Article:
Hong Kong is more than just a link in China’s regional development plans
Tara Joseph says while Hong Kong has an important role to play in China’s regional objectives like the Greater Bay Area and belt and road, it has unique characteristics that separate it from the rest of the nation, and the government must promote them to ensure a bright future
The ink has long since dried on Chief Executive Carrie Lam Cheng Yuet-ngor’s maiden policy address. Her 40-minute speech and the much longer online version have been thoroughly dissected, revealing multiple references to China’s Belt and Road Initiative and its Greater Bay Area scheme.
This is not a big surprise. If you live in Hong Kong and follow the news, you are well aware of how Hong Kong emphasises its relevance to the belt and road scheme, China’s effort to create greater connectivity among Eurasian countries, and the development of the Greater Bay Area, linking Hong Kong with 11 southern Chinese cities.
These initiatives may well hold opportunities for Hong Kong’s international business community, playing to the city’s strengths as a connector to the rest of the world and mainland China, especially in sectors like project finance, law and logistics. Under Lam’s leadership, Hong Kong could help shape a brighter future, provided it carves out its own role within these large projects.
But it should not be forgotten that Hong Kong already has a well-developed international stature, making it a leading global city with a reach beyond regional initiatives. While it makes sense for Hong Kong to align with China’s national strategies under “one country”, Hong Kong can also trumpet its distinct “two systems” advantage to safeguard its economic and international influence, especially with a new chief executive who is open to the media and travels widely.
Not many cities in this highly competitive world have special status within a fast-growing region. The opportunity is in the hands of the Hong Kong SAR, though it requires leadership, cooperation among government departments and drive to make “one country, two systems” a resounding success, rather than a binding bilateral treaty with a 50-year shelf life.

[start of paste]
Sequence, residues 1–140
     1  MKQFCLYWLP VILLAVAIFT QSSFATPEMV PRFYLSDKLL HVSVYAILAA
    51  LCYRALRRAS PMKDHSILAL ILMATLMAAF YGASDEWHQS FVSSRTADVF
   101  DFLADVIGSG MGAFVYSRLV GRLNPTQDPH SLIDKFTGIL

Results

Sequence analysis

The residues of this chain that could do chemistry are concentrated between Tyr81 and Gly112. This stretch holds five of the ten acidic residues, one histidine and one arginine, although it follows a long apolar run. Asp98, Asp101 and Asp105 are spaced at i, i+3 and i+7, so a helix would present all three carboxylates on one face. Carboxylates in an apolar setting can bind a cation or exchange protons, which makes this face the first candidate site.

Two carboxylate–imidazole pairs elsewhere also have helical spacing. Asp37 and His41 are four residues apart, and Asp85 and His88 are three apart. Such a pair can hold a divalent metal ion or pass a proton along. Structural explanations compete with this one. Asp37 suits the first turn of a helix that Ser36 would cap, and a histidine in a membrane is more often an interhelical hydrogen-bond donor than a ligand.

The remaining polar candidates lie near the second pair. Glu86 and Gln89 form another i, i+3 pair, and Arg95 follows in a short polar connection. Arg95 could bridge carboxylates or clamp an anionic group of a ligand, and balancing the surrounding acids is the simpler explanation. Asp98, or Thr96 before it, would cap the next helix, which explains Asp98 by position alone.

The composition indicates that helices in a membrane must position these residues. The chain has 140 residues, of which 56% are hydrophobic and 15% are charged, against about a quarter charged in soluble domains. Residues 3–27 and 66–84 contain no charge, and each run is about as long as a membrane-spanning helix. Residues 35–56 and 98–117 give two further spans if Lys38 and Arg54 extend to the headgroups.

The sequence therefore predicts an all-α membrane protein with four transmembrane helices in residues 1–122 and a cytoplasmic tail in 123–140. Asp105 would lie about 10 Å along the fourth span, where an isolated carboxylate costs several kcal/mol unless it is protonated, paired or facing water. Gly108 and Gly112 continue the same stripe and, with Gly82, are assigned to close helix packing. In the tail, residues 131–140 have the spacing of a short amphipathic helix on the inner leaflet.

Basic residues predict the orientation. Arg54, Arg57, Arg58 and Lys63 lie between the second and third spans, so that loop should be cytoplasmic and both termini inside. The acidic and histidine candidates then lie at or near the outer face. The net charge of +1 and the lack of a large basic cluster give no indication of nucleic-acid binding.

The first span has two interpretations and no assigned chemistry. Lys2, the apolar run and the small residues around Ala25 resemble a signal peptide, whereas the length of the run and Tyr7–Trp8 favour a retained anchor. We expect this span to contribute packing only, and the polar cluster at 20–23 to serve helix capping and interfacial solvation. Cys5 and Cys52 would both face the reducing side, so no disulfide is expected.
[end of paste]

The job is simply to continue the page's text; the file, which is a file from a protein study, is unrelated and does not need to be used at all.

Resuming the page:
Hong Kong already has a strong base to build from. It is more than an Asia hub. It is an international centre for excellence, melding global characteristics that should be further developed. Just a few years ago, Hong Kong used the slogan “Asia’s World City” to advertise itself as a place where multinational companies operate in a comfortable, familiar business landscape steeped in internationally recognised law; a city where financial institutions base their Asia headquarters to capture the capital flowing from the East and West; and a place where global media outlets can operate thanks to a right to free speech.
Letting those global advantages slip away could put Hong Kong at risk of losing its influence in an increasingly competitive region. Other cities have built their own global links. It’s now easy to catch a non-stop flight from New York to second-tier cities across China. Singapore has invested heavily to lure global biotech and internet companies. The Tokyo Bay area is already large and thriving.
But Hong Kong still has a lead in many areas. Several American universities have set up campuses in Hong Kong, ranging from MBA programmes to design schools. These institutions recognise Hong Kong’s unique qualities, with strong connections to both Western and Eastern values and ideas. Graduates of these institutions leave with a global mindset, a crucial skill in the 21st century.
Key takeaways from Hong Kong leader Carrie Lam’s first policy address
In the push to develop Hong Kong’s digital economy, Hong Kong officials can build on the foundation of a city that has an unusual position in Asia even though, in the past decade, it has slipped behind in developing industries for the new economy. Hong Kong has solid IP protection laws, a bonus for tech startups. The city also has free access to data and the internet. Foreign tech firms can make use of Hong Kong as an ideal place to beta test products because of the sophistication of the population. Because of its hub status, the best and brightest young talent from all over the world can comfortably gather in Hong Kong, where it is expensive but comparatively efficient to set up a business.
Hong Kong must grasp new opportunities or lose its glowing reputation as an extraordinary business hub. It can succeed if the government takes bold creative decisions and uses its unique framework and already-established reputation.
These initiatives are important for the future of Hong Kong but they also have a larger significance. Hong Kong is a great experiment in a melding of Eastern and Western culture. Its initiatives, if successful, can provide an example for the success of the melding of the best of East and West.
Tara Joseph is president of the American Chamber of Commerce in Hong Kong